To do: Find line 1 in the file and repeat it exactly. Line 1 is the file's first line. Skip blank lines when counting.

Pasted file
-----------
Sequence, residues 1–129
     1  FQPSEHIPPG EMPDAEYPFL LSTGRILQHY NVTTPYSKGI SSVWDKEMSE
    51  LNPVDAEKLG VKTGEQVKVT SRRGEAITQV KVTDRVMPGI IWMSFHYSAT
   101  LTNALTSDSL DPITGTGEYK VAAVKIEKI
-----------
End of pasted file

Sequence, residues 1–129